A 5-MONTH-OLD baby has been visiting my house for the past week, leaving our lives in a wonderful uproar.
The baby's name is Katie and as you would suspect from anyone who had the good fortune to be my niece, she is exceedingly beautiful, intelligent and energetic. I look at her often and think: Hollywood for a few years, win the Oscar, then it's on to med school.
This kid is going places; you sense that in the elan with which she waves her rattle, or in the flourish with which she grabs her teddy bear.
One thing you notice about babies is that adults tend to talk funny to them. The other day I overheard someone say: "Dush wittle Katie want her wittle blankie?"
It would do no good to reveal the name of the person who said this, as she (the adult) has suffered enough since the remark was broadcast around the neighborhood via videocassette tape.
But if I'm a baby and I hear "Dush wittle Katie want her wittle blankie?" I'm thinking: "What is that, a Hindu dialect? Knock it off and gimme the blanket before I wing this bottle at your head."
Oh, don't get me wrong here. I'm not saying you should talk to the baby in a voice that sounds like Henry Kissinger's.
But by the same token, if you just talk normally and say something such as "Hey, Katie, what's happenin'?" I don't think the kid will be so scarred that 20 years from now, she's sobbing to an analyst about Uncle Kevin in Baltimore scaring the daylights out of her with a deep voice.
At least that's my opinion. But maybe I'm way off base here. Maybe you could go through the files at the Betty Ford Clinic and three-quarters would carry the notation: "Spoken to harshly as a child; NOT ENOUGH BABY TALK."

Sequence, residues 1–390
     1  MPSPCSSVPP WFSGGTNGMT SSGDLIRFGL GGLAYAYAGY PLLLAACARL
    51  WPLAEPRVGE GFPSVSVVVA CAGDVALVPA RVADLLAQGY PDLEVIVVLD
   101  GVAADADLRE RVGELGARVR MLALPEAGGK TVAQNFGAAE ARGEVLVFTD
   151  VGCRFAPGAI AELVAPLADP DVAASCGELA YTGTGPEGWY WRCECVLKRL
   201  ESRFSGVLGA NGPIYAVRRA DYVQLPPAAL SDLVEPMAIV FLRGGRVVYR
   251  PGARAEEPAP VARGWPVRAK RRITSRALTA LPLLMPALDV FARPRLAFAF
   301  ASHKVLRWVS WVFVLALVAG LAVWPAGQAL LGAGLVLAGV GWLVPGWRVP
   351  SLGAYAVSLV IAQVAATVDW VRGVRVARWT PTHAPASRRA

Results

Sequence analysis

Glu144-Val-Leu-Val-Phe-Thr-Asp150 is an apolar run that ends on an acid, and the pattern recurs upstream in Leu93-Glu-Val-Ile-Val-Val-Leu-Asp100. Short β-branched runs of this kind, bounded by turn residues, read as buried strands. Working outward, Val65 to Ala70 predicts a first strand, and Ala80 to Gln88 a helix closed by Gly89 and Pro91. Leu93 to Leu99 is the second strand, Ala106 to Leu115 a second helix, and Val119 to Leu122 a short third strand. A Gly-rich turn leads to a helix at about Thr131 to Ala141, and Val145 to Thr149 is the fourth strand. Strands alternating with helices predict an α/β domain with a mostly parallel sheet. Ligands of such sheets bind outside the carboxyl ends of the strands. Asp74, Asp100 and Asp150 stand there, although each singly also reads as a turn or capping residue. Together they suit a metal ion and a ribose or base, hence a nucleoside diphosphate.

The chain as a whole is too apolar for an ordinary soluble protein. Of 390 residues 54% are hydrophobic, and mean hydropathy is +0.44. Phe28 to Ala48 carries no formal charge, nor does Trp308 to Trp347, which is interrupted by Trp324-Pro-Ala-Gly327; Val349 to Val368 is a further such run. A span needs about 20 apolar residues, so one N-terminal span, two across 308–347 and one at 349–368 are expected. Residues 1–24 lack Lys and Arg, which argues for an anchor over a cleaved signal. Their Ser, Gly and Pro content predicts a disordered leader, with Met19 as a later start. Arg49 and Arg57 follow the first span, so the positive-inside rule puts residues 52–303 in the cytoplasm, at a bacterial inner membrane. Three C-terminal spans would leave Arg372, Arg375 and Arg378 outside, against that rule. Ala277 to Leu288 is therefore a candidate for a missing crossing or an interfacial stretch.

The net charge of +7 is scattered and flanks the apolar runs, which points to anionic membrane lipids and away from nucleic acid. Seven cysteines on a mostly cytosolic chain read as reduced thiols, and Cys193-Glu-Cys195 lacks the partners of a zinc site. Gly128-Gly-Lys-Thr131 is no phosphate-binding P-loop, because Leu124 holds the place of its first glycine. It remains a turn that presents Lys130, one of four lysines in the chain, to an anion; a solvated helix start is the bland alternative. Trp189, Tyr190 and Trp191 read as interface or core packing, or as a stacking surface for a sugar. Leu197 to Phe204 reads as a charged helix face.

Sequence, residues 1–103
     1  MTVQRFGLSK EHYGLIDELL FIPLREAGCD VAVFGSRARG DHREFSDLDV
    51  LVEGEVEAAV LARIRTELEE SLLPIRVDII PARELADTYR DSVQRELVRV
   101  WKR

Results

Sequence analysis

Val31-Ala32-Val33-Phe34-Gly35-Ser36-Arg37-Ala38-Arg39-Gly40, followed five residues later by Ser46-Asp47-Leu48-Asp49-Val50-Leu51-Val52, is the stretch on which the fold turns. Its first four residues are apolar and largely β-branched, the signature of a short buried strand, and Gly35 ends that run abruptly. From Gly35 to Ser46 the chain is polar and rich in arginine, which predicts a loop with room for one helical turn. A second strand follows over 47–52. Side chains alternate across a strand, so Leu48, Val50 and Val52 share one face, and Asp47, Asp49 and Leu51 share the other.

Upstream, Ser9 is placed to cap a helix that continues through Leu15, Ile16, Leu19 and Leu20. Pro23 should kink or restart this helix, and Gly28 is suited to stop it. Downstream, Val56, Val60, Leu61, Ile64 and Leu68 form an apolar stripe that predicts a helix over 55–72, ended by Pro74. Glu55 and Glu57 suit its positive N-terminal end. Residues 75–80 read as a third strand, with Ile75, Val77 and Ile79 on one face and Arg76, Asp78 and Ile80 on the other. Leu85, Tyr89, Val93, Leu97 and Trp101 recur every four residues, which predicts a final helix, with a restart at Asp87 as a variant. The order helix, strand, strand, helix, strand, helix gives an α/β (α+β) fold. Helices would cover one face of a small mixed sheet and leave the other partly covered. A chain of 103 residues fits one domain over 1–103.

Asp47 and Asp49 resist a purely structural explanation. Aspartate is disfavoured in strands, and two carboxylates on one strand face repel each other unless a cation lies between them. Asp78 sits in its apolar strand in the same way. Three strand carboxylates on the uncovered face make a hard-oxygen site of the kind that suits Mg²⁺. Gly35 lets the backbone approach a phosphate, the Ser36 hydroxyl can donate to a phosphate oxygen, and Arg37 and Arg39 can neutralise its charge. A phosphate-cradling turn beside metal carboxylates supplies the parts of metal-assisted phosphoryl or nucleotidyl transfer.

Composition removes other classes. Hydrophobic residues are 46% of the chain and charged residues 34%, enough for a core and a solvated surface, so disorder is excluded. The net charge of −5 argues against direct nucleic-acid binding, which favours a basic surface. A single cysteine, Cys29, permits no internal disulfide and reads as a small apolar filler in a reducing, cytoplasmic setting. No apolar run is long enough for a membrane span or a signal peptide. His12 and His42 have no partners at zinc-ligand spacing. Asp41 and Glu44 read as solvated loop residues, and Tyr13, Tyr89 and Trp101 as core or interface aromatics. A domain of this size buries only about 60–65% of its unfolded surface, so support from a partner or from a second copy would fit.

If so, I stand corrected. (Although in all fairness, no one ever said there was a degree in psychiatry hanging from this word processor.)
Another thing you notice about babies is how much they get tickled. This baby Katie gets tickled constantly, sometimes by three, four, five people in a row.
As a former baby myself (and one with an astonishing memory), I can tell you that most babies do not go for that tickling nonsense. Oh, they might smile initially when tickled, but that's mainly to get you off their back so they can go back to staring at the light fixture or sleeping or whatever they were doing before you started haunting their crib.
As a rule of thumb, most babies would prefer that you dispense with tickling in favor of a firm handshake and the normal exchange of pleasantries. Or, if you absolutely must tickle, do so only for a few seconds and then move onto a discussion of the weather and perhaps a look at the five-day forecast.
Is there a downside to having a baby around the house for a week? Not really, although I will say this: Watching a baby eat is no picnic.
A baby's table manners are, in a word, atrocious. Even the tidiest babies tend to get food all over their face, in their hair, on their clothes, shoes, you name it.
Think about that for a minute. If you or I walked around with, say, french fries stuck to our eyebrows and part of a cheeseburger in our loafers, people would talk (to say the least.)
But a baby can walk around covered head to toe with formula or Gerber's strained peas (mmmmm, yummy) and nobody bats an eyelash. There's sort of a double standard at work here.
All I know is, you don't want to get too close when a baby is eating -- at least not without a Mylex protective suit, scrub mask, goggles and heavy-duty gloves.
I hope this doesn't sound mean, but here's one final observation about the newborn: A baby's daily schedule is not overly ambitious.
For instance, from what I can gather, baby Katie's schedule goes something like this:
Sleep -- 20 hours.
Eat -- 1 hour.
Play/stare at light fixtures -- 3 hours.
Maybe you see what I'm getting at here. This child does not exactly need an appointment book. Not with a social calendar that's so top-heavy with sleep.
And God forbid you make any noise while the baby's sleeping. For the past few days, all I've heard when I'm in the house is: "Shhh, the baby's sleeping!"
As if it were, oh, Mother Teresa resting in the next room.
Instead of just the first Oscar-winning immunologist to cure the common cold.